Posted by: lukelavan | August 30, 2009

Photography Begins

The arrival of a new batch of diggers and staff members has raised the morale of the team. Today staff member Lloyd Bosworth began horizontal photography on the medieval walls built over the forum, and our dedicated team of planners drew the same area in super-quick time.

Some of the group have been showing off their artistic skills.

Some of the group have been showing off their artistic skills.

The test pits are almost finished, giving us a clear idea of where not to dig: places where the topsoil is very deep and full of roots. Kelly Madigan, site supervisor, showed us all how it is done, reaching the bottom of a deep test pit very speedily indeed, to reveal a new layer of tile ‘paving’ about two feet below the level of that of forum – perhaps part of the bath building lying beneath our forum. Michael Joyce has also uncovered a major new wall which confirms that a large building complex occupied the area of our forum even from before Trajanic times.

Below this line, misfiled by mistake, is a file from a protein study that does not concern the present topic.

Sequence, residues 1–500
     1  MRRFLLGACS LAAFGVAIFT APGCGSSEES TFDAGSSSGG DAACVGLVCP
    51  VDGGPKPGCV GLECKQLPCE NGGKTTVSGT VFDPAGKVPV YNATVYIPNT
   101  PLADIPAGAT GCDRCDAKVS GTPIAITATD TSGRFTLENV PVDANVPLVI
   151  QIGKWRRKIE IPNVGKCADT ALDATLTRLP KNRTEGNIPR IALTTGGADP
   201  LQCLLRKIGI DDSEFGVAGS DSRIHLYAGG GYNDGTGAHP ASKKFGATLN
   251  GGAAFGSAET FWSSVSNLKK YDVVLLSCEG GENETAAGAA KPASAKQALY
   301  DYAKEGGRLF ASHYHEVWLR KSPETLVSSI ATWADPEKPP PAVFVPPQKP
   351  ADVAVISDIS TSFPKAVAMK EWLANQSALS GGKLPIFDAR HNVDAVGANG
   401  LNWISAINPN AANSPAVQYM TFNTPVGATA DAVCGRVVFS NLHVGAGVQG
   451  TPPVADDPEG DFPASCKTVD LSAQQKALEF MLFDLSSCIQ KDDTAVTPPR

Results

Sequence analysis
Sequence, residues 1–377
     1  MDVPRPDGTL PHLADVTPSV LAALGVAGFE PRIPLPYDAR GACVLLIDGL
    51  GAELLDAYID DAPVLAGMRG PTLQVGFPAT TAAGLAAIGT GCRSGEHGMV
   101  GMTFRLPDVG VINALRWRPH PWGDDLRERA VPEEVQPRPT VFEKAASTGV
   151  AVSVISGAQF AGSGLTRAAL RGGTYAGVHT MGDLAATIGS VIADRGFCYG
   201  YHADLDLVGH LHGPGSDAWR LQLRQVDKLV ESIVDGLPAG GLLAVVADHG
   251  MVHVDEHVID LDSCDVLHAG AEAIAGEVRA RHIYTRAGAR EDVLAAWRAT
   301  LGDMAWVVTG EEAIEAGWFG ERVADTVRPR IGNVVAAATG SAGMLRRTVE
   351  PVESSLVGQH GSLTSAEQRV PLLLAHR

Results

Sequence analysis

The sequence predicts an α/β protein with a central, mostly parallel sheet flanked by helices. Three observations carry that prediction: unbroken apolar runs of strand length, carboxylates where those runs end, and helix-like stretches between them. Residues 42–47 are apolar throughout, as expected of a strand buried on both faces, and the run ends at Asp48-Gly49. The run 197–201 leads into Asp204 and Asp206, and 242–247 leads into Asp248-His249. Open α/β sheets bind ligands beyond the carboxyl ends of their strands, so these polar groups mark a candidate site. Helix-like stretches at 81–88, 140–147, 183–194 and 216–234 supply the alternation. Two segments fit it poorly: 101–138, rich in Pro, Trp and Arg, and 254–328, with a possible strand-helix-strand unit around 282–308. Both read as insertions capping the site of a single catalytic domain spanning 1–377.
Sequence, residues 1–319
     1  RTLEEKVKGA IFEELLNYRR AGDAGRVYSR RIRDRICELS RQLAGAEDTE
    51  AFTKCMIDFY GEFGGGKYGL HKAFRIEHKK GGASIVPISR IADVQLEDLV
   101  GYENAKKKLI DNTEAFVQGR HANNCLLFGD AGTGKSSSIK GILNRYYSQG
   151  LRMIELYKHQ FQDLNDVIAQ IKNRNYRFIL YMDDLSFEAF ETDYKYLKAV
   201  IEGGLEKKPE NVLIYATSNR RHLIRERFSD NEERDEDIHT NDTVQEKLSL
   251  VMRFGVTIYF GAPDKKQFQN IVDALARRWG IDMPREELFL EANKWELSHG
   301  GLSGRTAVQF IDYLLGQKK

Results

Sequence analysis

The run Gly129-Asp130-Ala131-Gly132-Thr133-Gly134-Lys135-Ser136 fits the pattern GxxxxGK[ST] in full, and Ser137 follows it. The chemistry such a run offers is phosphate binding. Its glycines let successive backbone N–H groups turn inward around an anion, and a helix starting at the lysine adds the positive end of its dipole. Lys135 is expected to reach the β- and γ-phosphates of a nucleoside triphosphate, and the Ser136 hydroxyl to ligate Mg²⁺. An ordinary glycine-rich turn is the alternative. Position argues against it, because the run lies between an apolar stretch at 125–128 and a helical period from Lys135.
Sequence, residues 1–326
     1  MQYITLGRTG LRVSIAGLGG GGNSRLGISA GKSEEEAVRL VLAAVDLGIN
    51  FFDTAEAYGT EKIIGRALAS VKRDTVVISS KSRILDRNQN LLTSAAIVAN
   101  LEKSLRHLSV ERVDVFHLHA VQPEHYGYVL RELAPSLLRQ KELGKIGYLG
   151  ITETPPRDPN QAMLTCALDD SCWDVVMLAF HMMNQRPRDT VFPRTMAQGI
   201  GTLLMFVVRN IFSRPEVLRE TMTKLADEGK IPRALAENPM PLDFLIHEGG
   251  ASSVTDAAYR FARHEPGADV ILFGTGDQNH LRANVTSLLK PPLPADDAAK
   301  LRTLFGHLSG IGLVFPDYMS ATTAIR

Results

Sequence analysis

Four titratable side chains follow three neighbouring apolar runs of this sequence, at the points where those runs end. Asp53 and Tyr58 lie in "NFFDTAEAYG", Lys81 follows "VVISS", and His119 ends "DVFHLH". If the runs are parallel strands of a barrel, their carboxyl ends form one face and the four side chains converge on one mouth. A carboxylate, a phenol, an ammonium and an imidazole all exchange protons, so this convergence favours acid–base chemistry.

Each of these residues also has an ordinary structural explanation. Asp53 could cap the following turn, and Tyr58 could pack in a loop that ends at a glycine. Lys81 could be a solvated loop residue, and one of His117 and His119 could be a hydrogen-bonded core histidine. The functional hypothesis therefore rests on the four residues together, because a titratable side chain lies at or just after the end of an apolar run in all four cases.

Michael found a new wall today.

Michael found a new wall today.

Luke Lavan has been showing visitors round the site today: tourists mostly from England and the US. Also visiting was the chief of the excavations at the neighbouring city of Portus: Professor Simon Keay, of the University of Southampton, along with part of his team. We really appreciate such visits, which help us to put our work into context and provide a valuable source of advice. However, Luke should realise that he needs to wear his floppy hat, no matter how enthusiastic he might get, as following today’s tours he has burnt his nose and face. At least he now looks a bit more like his lobster-red compatriots visiting the region. Luke’s attempts to attract tourists reached a new level today, as we hosted the first virtual visit to the site via Skype webcam – for Professor Laurence Goldstein (Luke‘s boss) from the University of Kent. The students on site found it somewhat surreal to see Laurence ‘walking’ round the site on Luke’s computer … there is a first time for everything I suppose.

Luke Lavan 30/08/2009


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